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HONOLULU, Hawaii (July 17, 1997 - PIDP/CPIS)---An expert in Hawaiian rock art, Ed Stasack, believes a rare Hawaiian petroglyph design may have links to Papua New Guinea, where an archaeological dig has turned up Polynesian artifacts.

Petroglyphs are images carved onto rocks.

Stasack, retired Chairman of the University of Hawaii Art Department and author of the authoritative "Hawaiian Petroglyphs," says the image, which shows a sideways view of a crouching human figure, suggests Hawaiians sculptured the Polynesian design on local stones wherever their voyaging canoes went, apparently including Papua New Guinea. He says the crouching figure now is extremely rare, with only six examples of rocks with that image known to still exist in Hawaii.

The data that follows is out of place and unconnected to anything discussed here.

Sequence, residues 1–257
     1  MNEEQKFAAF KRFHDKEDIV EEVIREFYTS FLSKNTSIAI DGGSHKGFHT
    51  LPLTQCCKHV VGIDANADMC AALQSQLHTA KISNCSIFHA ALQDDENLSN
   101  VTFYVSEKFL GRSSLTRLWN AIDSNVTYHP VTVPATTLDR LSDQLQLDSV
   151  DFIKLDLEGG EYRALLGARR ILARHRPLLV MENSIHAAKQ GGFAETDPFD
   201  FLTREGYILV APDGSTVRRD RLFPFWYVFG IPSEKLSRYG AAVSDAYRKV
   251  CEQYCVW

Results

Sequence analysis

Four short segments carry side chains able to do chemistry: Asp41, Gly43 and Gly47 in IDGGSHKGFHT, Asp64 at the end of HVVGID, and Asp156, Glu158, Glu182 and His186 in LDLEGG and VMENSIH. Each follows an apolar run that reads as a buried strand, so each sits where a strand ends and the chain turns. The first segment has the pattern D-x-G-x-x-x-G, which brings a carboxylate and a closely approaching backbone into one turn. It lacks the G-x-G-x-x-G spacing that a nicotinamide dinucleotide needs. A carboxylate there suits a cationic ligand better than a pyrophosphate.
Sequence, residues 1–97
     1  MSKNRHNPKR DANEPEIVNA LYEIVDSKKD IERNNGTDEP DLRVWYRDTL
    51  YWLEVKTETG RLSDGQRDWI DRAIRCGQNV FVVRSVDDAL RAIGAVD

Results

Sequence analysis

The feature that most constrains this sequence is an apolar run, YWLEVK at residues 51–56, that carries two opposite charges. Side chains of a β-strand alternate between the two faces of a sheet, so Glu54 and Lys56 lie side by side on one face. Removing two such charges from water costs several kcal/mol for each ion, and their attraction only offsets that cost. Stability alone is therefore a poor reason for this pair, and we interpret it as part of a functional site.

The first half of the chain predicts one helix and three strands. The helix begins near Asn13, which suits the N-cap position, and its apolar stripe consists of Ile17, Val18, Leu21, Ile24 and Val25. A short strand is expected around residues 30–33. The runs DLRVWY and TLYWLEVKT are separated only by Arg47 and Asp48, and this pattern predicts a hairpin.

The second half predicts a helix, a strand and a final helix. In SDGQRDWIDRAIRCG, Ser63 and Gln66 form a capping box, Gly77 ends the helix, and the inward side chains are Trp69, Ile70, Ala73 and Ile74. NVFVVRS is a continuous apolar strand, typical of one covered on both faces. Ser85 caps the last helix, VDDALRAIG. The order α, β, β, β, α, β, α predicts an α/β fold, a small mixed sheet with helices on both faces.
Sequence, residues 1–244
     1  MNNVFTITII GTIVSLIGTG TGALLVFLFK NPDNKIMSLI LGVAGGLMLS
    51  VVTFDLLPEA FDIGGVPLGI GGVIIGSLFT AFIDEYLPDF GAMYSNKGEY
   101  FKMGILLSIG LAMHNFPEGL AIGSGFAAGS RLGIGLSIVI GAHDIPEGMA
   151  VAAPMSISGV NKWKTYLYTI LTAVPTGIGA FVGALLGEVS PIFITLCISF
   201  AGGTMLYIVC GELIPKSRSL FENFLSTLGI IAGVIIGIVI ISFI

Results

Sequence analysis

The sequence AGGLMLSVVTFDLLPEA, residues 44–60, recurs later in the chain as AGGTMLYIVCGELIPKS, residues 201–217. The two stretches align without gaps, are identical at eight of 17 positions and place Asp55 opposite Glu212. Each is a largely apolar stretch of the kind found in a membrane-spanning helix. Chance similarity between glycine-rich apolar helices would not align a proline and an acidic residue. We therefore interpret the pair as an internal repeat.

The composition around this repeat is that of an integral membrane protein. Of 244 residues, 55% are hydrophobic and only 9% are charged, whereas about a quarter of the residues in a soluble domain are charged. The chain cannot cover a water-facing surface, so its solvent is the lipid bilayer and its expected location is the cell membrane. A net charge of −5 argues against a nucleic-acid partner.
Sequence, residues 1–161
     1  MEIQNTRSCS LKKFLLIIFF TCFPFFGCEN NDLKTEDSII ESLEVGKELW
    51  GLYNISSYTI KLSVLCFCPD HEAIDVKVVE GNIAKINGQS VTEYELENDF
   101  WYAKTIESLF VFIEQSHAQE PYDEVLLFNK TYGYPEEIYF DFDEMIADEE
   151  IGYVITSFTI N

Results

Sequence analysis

The PNG dig last year, supervised by John Edward Terrell, an archaeologist with the Field Museum in Chicago. also discovered Lapita pottery.

Lapita-style pottery has been found in several areas of the Southeast Pacific, centered around New Caledonia, and at ancient sites in Fiji, Tonga, and Samoa. Small pieces also have been found in the Marquesas, but none in Hawaii.


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